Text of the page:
Saks Fifth Avenue is close to finalizing a $200 million to $250 million renovation program for the Manhattan flagship as it strives to catch up to the competition.
According to sources, Saks will transform the main level to a bigger and more powerful cosmetics presentation, extending the category further east through the bulk of the floor. Saks’ cosmetics floor is already among the most popular and productive in the city, with sources saying only the Macy’s and Bloomingdale’s flagships with larger cosmetic floors generate more volume. Macy’s and Bloomingdale’s have completed dramatic overhauls of their own beauty floors, with Macy’s finished last fall and Bloomingdale’s a few years ago.
Under the renovation plan, Saks would leave room for about four major luxury and designer handbag shops on the main floor, which would be built as duplexes, similar in some respects to presentations seen in stores in Europe, and more recently at Macy’s Herald Square, which has Gucci, Louis Vuitton, Longchamp and Burberry forming a luxury wing on the Broadway side of the store.
The balance of handbags and jewelry at Saks would move to the second floor, where designer sportswear is located and could be consolidated. “Making the second floor a productive space for handbags could be a home run,” said one source familiar with the Saks flagship. Upper floors, including eight and nine, will also be transformed.
Physical changes at the Saks flagship are necessary to take it to the next level of business. Accessories and jewelry on the main floor are cramped and underspaced, and there are brands that Saks would like to start selling.
A Saks spokeswoman declined to comment on the upcoming changes at the flagship, other than saying the renovation plan is “a work in progress.” Today, parent HBC is set to disclose fourth-quarter results and could discuss plans for Saks.
In recent years, Saks has tweaked its cosmetics and fragrance space, including putting in new Chanel areas. With the chain’s acquisition by HBC, led by its chairman Richard Baker, and Baker’s recruitment of Marigay McKee from Harrods as Saks’ new president, there’s an emerging master vision for the flagship and the rest of the chain. Sources have speculated that the ground floor at Saks could be redone by sometime in 2015.
One former luxury executive suggested enlarging the beauty floor could have consequences for Saks and its strategy to elevate the luxury appeal. “Trying to have the largest cosmetic business in New York to compete against Macy’s and Bloomingdale’s could create an environment that’s frenetic. I would question whether that’s really what you want if you want to be seen as luxury retail. When Barneys and Bergdorf’s both elected to put beauty on the lower level, it created a sense of differentiation and, with the space that opened up on other floors, gave them more of a luxury ambiance.”
“Azzedine has been one of the biggest influences in my life. He has always been such a strong, loving, fatherly figure to me. I call him Papa. His designs are indescribably unique, they are pieces of art. He knew how to make the female form look its loveliest. I have so many memories of him; my favorite might be during my first show with him in Paris. He liked me and he wanted to help me get more work. He called all his friends at Kenzo and Comme des Garcons, and asked them to book me. They said, ‘But she can’t walk!’ And he said, ‘but she has such a great ass!' His friendship and support has been the great privilege of my career. I can't imagine life without him. Repose en paix mon Papa.” - @stephanieseymour tells @wwd. #wwdfashion (📷: @steveeichner) #alaia #azzedinealaia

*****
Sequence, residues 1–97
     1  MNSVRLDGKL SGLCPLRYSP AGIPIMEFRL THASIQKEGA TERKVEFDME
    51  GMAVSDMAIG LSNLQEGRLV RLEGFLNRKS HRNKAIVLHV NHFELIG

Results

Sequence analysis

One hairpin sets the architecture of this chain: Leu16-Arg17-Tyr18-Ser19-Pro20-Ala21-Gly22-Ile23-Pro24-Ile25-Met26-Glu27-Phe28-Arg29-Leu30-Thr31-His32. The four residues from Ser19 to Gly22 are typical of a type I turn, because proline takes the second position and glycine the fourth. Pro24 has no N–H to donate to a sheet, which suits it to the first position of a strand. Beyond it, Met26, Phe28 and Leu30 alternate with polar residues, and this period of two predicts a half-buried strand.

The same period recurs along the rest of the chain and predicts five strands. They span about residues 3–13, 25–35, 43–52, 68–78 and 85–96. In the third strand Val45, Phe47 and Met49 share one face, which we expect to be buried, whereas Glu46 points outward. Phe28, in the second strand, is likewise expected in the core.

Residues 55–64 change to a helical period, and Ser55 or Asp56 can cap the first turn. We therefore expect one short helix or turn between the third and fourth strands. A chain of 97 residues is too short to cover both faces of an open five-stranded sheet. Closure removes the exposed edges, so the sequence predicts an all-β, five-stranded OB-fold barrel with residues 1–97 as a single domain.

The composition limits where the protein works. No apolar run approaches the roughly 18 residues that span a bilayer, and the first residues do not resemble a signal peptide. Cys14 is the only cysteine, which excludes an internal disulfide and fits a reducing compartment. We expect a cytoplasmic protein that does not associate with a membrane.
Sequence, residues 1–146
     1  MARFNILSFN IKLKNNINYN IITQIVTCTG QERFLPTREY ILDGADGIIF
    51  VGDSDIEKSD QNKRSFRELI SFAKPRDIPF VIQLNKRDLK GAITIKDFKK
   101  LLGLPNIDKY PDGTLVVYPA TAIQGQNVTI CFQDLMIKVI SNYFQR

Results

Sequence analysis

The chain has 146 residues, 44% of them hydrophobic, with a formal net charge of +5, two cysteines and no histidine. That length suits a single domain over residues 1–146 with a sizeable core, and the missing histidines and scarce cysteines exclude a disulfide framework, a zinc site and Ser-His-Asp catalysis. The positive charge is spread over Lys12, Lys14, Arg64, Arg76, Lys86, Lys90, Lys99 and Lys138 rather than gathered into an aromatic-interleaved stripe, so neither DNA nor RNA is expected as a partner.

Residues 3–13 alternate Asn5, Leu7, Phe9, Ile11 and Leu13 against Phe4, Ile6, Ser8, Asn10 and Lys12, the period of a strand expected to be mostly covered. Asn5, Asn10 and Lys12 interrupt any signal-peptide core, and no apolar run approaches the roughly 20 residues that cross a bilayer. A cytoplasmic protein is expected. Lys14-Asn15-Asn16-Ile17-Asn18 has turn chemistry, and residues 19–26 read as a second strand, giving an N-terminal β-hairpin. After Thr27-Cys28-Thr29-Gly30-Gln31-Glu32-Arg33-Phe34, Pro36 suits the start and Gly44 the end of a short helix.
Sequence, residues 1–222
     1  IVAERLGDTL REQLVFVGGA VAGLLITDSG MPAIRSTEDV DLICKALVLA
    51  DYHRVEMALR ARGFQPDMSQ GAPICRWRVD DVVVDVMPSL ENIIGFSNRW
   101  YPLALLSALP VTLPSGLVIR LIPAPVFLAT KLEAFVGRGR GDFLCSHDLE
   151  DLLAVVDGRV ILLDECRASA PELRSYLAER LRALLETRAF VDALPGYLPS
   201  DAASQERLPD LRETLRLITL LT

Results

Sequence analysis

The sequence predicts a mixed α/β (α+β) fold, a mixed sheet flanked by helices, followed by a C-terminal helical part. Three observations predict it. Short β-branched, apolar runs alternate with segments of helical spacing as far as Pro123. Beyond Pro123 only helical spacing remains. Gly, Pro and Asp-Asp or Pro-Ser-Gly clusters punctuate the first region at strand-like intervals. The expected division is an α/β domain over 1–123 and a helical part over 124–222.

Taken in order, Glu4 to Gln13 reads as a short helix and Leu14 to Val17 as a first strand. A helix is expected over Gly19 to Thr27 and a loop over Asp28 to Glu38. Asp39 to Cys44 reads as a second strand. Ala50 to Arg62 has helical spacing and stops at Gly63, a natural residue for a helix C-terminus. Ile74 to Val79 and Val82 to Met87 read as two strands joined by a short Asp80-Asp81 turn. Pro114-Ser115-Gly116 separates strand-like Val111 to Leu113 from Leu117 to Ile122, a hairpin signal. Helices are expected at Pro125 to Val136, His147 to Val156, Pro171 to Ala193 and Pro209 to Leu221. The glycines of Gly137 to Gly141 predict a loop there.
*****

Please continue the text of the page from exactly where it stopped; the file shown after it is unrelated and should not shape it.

Azzedine Alaïa, flanked by two of his closest friends, models Stephanie Seymour and Naomi Campbell.
He designed Seymour’s dress for her 1995 wedding to Peter Brant, and treated Campbell (who famously called him Papa), like a daughter. For more on the legendary designer, tap the link in bio. #wwdfashion #alaia #azzedinealaia
Azzedine Alaïa's “I-did-it-my-way” ethos stood out starkly at a time when brands are experimenting with consumer-facing fashion shows, coed formats and trans-seasonal collections – anything to perk up lackluster sales of ready-to-wear in an age of Insta-everything. “It’s not creation anymore. This becomes a purely industrial approach,” the late designer told WWD in an interview last year. “But anyway, the rhythm of collections is so stupid. It’s unsustainable. There are too many collections.” Read more about the iconic designer’s life and work on wwd.com, link in bio. #wwdfashion #azzedinealaia (📷: @WWD Archive, 1986) #alaia
Sneaker reselling app @goat’s latest exhibit, "The Greatest: New York," tells the story of New York's sneaker culture. To celebrate the exhibit, an intimate crowd gathered on Thursday night at the pop-up gallery space, located at Platform in Culver City, to hear guest speaker and illustrator @esymai talk about her own rise in streetwear and women in the business. "For me I'm just someone who is creative. I like to create things," said Chang. #wwdfashion
Azzedine Alaïa, one of the most iconic couturiers of the modern era whose body-con designs defined Eighties fashion, has died in Paris. The diminutive Tunisian-born designer, known for his structured knitted dresses with fitted waists and impeccably cut, figure-hugging second skin silhouettes was deeply admired by his peers, and counted supermodel Naomi Campbell - his adoptive daughter - among his inner circle, one of a gang of glamazons including Farida Khelfa, Carla Bruni and Stephanie Seymour who became ambassadors of his style. (📷: Alexandre Guirkinger) #wwdblast